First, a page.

Lastly, our own Laura Hautala had an exclusive on an exposed database containing information on 80 million US households.
It's unclear who owned the database, but this was on a service run by Microsoft.
But it is sort of example of, I guess, the perils of storing information online.
Yeah, a lot of these leaks happen because they failed to secure their databases, because they think they're the only ones that have access to it.
But anyone can find these if they have a proper IP address or are looking in the right places.
As these security researchers found for this story.
The problem with that is, if anyone just stumbles into this, it's kind of like finding gold buried in a forest or something like that.
But, it's still unclear If anyone did have access to it or it was maliciously used but this is a massive amount of data on people.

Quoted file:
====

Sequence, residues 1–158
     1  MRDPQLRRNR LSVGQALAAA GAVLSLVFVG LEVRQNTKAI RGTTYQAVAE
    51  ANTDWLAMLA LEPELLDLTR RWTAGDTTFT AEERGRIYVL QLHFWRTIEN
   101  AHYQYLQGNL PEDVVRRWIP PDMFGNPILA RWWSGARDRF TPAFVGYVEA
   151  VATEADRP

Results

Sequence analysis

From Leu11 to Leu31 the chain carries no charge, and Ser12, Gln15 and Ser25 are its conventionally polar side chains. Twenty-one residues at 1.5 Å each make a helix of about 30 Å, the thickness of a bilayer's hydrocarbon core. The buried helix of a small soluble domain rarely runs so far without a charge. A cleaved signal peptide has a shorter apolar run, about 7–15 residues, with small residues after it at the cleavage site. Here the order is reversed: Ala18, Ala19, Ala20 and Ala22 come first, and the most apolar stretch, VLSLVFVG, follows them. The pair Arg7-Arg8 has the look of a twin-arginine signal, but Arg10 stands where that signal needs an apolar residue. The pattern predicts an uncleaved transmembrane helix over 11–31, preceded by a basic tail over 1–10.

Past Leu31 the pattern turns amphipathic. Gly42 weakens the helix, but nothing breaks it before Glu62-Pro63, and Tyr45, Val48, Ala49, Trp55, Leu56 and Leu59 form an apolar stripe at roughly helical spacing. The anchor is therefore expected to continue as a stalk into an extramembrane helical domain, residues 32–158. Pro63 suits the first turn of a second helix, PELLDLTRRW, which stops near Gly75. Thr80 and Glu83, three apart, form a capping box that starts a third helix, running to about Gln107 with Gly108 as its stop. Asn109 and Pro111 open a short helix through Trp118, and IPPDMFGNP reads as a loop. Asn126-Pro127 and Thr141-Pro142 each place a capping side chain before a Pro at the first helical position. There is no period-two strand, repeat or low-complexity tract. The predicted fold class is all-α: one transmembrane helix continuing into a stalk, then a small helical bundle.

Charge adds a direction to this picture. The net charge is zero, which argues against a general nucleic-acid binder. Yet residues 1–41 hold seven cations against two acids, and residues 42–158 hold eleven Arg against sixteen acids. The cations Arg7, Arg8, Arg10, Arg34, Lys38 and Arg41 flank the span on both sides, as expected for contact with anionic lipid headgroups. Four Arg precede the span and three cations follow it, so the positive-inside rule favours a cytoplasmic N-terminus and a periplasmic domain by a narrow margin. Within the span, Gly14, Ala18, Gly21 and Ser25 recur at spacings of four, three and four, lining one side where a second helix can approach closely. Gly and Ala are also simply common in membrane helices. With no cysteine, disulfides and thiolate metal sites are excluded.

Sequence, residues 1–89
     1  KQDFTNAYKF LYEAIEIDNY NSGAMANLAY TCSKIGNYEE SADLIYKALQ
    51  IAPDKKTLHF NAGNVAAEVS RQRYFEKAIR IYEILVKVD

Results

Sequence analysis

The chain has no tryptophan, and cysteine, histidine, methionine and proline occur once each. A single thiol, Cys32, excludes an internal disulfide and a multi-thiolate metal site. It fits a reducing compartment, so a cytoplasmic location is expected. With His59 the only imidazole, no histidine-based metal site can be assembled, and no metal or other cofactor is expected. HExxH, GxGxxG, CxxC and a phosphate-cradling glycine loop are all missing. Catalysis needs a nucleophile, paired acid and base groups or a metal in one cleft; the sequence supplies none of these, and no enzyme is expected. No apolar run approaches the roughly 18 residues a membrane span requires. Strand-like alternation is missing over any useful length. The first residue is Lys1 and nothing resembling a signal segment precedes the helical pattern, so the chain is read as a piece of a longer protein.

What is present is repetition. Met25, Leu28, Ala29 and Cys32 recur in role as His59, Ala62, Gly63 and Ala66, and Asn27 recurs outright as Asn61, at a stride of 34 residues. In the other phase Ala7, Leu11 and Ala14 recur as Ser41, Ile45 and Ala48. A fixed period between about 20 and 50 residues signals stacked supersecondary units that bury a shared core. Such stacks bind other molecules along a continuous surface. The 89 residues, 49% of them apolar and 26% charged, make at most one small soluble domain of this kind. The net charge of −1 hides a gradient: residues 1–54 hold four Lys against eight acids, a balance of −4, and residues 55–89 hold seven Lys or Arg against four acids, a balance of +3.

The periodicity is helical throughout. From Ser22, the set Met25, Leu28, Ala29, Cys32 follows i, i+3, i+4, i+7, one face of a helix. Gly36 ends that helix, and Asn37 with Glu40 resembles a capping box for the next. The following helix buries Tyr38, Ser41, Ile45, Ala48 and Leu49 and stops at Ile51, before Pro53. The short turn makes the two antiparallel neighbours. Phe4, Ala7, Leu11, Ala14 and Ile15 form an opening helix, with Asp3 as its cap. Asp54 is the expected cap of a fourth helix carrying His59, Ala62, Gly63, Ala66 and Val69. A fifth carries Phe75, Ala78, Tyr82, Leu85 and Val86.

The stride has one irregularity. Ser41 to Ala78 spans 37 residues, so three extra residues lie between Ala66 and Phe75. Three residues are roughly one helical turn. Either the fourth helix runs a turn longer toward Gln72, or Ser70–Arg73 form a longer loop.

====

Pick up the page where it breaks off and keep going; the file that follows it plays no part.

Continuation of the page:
8 million households we're talking about usernames, we're talking about location, or residents we're talking about whether or not they're single or married, all kinds of demographics 0-
There's no sensitive information like social security number or credit cards or passwords or anything like that so You don't really have to worry about that, but that's still a lot that attackers can do with your name and address alone.
Right, and the big mystery is, we don't even know who owns this database, so we don't even know who to contact to get this fixed.
We did contact Microsoft, they declined to comment, it's clearly not Microsoft's responsiblity.
The same thing happens with Amazon all the time.
Right, but still, it is definitely, just sort of a example of just how tricky these things can be and how commonplace these kinds of vulnerabilities are, right?
All right, for more of these stories, check us out on CNET.
I'm Roger Chang.
I'm Alfred Xang.
Thanks for listening.